I have to admit…I am struggling to get back into writing mode. I love the things I have had the opportunity to do over the past couple of months, but they have distracted me from writing. I have gotten out of the habit. And I have missed it. Meanwhile, I feel as if I have very little to give and that all of my offerings are rather, well, imperfect.
Last week, though, something clicked inside of me. First, I watched as every member of our family opened homemade gifts. Every gift was imperfect in one way or the other, but few store-bought treasures could top them. Faces lit up as the gifts were received and enjoyed.
I thoroughly enjoyed watching the delighted responses to the homemade treasures, and I lit up as I received some of my own. But the depth of the delight didn’t hit me until a few days later.
Doug and I curled up on the couch Friday night to watch an old favorite: Robin Hood: Prince of Thieves. Neither of us are big Costner fans, but there’s just something fun about that version of the old legend. As we watched the opening credits, we began to study the tapestry images in the background. The tapestry was definitely handmade. It was obvious from its imperfections. Although the stitches were expertly created, there were still little variations in their size and direction. Imperfections that could never come from a machine.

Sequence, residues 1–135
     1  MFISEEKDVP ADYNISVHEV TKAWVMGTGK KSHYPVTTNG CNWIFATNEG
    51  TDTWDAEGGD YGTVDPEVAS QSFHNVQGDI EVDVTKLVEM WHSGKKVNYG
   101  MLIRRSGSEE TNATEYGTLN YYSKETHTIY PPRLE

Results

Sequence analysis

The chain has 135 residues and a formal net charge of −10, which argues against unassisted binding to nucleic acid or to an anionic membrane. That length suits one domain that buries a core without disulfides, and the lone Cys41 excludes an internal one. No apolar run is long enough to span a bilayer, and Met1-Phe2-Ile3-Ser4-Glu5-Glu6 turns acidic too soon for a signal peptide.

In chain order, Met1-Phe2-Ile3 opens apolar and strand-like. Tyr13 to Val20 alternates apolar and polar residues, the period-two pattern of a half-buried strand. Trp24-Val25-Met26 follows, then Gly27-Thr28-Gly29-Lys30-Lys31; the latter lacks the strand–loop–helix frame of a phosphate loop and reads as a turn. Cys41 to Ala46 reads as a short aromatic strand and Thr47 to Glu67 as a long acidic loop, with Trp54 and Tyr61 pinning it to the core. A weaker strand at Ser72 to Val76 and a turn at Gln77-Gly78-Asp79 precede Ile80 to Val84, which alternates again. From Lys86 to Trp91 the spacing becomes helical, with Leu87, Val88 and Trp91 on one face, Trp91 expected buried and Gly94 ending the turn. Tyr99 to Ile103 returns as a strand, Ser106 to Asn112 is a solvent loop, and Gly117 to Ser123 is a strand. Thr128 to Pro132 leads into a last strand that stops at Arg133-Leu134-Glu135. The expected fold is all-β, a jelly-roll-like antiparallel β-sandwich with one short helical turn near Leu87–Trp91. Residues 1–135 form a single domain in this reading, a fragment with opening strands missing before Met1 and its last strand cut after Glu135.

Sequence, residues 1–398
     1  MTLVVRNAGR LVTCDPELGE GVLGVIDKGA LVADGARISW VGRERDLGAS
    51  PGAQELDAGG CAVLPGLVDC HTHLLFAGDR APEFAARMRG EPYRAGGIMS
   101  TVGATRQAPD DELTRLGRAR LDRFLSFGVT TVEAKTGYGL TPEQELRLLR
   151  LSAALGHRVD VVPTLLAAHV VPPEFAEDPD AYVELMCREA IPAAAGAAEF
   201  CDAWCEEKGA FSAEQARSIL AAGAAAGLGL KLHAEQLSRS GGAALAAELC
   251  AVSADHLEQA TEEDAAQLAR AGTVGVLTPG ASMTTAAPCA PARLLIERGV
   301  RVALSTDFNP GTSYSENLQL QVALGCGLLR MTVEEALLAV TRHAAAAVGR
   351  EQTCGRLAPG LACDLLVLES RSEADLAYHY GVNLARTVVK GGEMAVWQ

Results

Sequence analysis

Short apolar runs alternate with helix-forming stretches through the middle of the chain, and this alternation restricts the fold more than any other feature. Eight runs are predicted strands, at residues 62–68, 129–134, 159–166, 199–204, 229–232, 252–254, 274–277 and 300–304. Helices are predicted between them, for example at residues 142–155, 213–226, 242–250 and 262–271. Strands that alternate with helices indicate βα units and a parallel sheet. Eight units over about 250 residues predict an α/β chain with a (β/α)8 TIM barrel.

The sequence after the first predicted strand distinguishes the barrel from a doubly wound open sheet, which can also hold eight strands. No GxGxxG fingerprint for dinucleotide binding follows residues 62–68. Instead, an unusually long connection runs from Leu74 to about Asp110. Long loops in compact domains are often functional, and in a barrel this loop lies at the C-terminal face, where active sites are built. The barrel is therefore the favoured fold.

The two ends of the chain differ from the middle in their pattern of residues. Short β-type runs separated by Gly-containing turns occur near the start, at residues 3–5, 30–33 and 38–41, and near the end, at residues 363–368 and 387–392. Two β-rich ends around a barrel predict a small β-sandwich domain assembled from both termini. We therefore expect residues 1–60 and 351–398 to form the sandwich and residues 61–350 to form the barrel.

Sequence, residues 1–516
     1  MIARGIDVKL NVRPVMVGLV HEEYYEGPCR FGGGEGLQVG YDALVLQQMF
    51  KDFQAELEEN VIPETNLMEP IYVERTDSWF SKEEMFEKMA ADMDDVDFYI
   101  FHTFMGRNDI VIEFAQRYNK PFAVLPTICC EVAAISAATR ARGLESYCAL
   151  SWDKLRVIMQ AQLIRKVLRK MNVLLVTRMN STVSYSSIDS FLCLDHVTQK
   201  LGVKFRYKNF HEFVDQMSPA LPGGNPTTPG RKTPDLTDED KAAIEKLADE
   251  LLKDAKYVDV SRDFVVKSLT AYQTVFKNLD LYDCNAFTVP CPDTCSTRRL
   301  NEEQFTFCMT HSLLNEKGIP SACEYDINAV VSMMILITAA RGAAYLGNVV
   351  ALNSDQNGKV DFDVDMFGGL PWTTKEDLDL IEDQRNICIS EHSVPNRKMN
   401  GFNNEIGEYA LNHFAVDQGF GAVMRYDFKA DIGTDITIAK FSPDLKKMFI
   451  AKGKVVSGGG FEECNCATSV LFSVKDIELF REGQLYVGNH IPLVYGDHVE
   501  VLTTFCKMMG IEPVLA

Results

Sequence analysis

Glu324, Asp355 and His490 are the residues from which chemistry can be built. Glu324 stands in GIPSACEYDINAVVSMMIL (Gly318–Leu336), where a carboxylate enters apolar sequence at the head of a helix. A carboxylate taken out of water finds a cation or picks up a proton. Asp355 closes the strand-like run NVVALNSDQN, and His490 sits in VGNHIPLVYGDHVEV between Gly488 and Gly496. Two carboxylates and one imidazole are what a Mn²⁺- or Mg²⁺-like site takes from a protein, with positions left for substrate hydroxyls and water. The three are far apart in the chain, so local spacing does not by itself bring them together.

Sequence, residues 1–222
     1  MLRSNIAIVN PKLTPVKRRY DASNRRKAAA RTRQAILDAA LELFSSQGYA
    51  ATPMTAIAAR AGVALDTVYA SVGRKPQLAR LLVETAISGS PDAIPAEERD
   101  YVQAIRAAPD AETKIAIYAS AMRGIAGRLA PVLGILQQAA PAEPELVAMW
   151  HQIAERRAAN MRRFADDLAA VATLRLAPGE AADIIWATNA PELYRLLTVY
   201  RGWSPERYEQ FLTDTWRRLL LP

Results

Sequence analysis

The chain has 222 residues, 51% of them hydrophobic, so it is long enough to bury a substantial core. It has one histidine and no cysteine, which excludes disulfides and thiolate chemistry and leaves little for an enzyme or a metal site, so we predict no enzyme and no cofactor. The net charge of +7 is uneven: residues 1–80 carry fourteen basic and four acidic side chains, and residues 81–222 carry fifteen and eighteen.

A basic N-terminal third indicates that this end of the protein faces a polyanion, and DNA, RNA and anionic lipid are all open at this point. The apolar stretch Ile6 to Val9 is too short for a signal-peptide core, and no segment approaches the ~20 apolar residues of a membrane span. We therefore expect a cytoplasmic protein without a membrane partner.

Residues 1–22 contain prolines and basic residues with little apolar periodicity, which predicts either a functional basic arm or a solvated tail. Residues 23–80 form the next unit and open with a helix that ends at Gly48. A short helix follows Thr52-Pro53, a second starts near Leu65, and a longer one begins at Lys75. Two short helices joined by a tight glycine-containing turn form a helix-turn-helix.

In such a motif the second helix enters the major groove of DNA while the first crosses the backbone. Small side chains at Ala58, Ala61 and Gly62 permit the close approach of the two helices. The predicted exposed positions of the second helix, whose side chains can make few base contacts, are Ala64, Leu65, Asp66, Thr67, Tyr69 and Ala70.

Doug made the comment about the same time that it hit me: Imperfections often make something more valuable, not less.
I struggle with wanting my every effort to be great. Wonderful. Perfect. But in truth, I don’t like perfection in other people. It makes them seem so very unreachable. I know I can never attain to their status, so I feel clumsy and awkward in their presence. I feel that my work and effort are rubbish next to their accomplishments. Until I see that they are real, I struggle to like them at all. So when it comes down to it, why would I want my work to truly be perfect?
God is working on me, molding me into the perfection for which He created me. And for now, my imperfections show that I am willing to allow that molding to take place. They show that I am under construction, just like everybody else.
Yes, imperfections are beautiful. And that thought just might give me the push I need to let those imperfect thoughts flow through my fingers once again.